They Don’t Know the Life of a Foster Child

By Sophia Williams-Baugh

Sophia blog photoMy upbringing has affected my life in many ways. Growing up in foster care isn’t the prettiest story. When you are forced to live with one person after another, you never know what life has in store for you. You don’t know what tomorrow will bring, literally. You can think that all is well and that you have finally found your forever home, then discover that once again you just didn’t fit the bill.

Growing up in state care led to struggling with stability as a young adult. I was never taught to work through any problems when I was in the system. If there was a problem or a difficult situation, the foster mothers would just kick me out. Being in eight different foster homes, and having a broken adoption, affects my ability to accept that I am now an adult. It’s hard working through any serious circumstances because I never had to deal with anything too long while I was a ward of the state.

My worst memory in foster care was being wrongfully accused of getting drunk. My foster mom thought horribly of me. She allowed me to go over to someone’s home, and I ended up catching the flu. I walked home sick. I was throwing up and dizzy with a major stomach ache. She ranted and raved about me drinking. She called my social worker and told her that I’d gotten drunk and was hungover. But it wasn’t true. I’d never had alcohol a day in my life. A few days later I was placed in respite care for two weeks. When I got out, I was sent to a group home in another city.

My best memory of foster care was having a Court Appointed Special Advocate (CASA).  She came into my life right after my adoption broke due to the child abuse I’d experienced for 7 ½ years and I had to re-enter the foster care system. She visited me and took me out for dinner, movies and shopping. During the holidays she’d take me to her home. And at Christmastime, she had as many gifts under the tree for me as she had for her grandchildren. She always told me that she knew I was strong enough to never give up and that I would make it beyond the statistics. She stayed by my side from the ages of 14 through 18. I am still in contact with her and see her from time to time.

I could not wait to age out of foster care. I had been maintaining a job and was taking independent living classes my senior year of high school. I was excited to embrace life on my own. I was ready to prove to the world that I could survive no matter how many people had tried to break me down. Leaving foster care was a huge sigh of relief and a weight taken off my shoulders.

I had to motivate myself to do the right thing and stay on the right path in foster care. I believed that life could get better if I just kept going. I knew I wanted more out of life than what I had been handed and I was going to do whatever I had to do to make it. Thinking about my hardships being temporary gave me strength to keep going no matter what. Now at 28, I am married with three kids and own a home. I’m a published author of an autobiography, “I’m Good,” which talks about my life and thoughts growing up in foster care and my broken adoption. I’m a nonprofit business owner whose organization – Can We Talk Inc. — encourages storytelling as a way of healing, learning and growing. I certainly created a new example of what a foster child can accomplish and removed the stigma placed upon us.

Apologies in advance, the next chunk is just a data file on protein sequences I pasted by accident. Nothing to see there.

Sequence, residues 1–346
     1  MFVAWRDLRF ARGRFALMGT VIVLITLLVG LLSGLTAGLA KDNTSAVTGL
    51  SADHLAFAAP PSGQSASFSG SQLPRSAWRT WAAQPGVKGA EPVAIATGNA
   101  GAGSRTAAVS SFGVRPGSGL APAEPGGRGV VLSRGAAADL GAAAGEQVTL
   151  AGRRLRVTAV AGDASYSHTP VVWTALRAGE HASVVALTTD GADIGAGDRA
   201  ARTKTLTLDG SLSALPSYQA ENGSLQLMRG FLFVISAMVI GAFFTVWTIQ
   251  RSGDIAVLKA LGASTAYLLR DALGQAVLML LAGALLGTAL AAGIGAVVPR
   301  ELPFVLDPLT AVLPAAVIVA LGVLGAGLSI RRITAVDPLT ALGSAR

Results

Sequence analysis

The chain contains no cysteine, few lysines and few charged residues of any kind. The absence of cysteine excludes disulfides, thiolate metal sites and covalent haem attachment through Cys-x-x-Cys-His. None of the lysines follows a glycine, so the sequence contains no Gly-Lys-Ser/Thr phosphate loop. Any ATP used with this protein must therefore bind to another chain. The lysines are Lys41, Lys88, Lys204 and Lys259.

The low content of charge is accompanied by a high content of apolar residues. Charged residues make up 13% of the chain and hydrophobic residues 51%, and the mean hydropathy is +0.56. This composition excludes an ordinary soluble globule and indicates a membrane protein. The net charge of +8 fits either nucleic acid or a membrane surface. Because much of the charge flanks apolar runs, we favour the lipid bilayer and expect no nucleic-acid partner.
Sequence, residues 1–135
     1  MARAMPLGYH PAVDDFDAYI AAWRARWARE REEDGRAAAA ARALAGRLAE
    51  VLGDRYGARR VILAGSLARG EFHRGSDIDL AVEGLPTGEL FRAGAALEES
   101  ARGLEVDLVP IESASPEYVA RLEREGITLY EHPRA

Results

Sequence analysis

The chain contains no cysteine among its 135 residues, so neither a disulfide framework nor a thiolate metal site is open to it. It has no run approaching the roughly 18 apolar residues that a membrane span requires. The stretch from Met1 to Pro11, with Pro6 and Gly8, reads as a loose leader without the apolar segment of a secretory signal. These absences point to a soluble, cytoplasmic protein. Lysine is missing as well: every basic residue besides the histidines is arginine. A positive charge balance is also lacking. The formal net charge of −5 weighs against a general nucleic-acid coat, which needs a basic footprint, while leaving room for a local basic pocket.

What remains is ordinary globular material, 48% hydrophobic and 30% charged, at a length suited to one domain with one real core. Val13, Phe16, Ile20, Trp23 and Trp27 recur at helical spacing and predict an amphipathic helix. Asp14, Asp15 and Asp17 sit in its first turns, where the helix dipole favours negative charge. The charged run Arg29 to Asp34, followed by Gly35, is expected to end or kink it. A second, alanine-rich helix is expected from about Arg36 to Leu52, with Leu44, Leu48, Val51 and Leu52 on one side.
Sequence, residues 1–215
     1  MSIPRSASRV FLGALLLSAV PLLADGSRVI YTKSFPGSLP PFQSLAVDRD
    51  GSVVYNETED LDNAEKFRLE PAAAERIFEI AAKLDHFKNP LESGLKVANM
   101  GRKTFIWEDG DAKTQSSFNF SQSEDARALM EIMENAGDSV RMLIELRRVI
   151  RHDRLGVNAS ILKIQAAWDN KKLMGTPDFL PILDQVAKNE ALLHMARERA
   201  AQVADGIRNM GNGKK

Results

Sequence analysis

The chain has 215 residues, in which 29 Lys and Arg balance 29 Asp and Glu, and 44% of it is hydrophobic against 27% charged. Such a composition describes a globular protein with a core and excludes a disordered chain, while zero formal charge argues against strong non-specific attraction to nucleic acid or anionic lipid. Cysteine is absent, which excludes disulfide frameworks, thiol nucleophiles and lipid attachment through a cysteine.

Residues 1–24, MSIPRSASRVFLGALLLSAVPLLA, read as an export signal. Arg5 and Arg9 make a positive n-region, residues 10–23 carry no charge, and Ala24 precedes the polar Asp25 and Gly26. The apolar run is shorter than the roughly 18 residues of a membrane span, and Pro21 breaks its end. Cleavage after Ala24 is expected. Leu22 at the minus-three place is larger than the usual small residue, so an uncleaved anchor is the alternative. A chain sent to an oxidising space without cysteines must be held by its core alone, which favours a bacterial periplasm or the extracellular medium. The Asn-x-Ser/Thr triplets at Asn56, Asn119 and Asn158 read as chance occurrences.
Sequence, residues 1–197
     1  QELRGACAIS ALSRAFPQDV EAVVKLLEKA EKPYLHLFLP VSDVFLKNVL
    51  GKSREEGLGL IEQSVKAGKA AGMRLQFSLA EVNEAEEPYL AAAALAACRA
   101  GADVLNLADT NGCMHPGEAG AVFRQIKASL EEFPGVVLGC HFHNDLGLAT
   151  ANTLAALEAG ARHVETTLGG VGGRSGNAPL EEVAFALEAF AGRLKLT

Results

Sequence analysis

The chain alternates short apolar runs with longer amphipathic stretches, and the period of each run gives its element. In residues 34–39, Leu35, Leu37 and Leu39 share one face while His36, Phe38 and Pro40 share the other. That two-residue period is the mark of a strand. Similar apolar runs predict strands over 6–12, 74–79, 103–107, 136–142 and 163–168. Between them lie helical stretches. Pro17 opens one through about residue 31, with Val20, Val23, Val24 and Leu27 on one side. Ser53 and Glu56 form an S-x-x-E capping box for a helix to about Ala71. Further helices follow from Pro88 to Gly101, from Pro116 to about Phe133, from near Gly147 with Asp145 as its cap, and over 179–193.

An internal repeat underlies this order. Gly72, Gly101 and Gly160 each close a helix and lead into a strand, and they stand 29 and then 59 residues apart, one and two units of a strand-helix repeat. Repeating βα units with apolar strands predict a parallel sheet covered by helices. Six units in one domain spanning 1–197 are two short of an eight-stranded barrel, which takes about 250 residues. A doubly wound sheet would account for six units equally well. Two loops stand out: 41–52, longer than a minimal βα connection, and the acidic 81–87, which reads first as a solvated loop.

Foster care needs to change in many ways. I believe counseling, constant monitoring and monthly reviews should be mandatory for applicants who apply for a foster care license and receive a child. I also think a child ought to be able to give a review of his or her foster parents.  I’ve experienced a lot of mentally unstable foster parents — I don’t think they were aware of what they were getting themselves into. Or they were, and just didn’t care because they knew it would be easy to get rid of me.

To all foster children that are suffering in silence, dealing with unacceptable emotional or physical abuse, SPEAK OUT! You are important and someone does care. Don’t give up on yourself just because someone else did.

Published on May 13, 2016 as part of Children’s Rights’ “Fostering the Future” campaign. The opinions expressed herein are those of the blog author and do not necessarily represent the views of Children’s Rights or its employees. Children’s Rights has not verified the author’s account.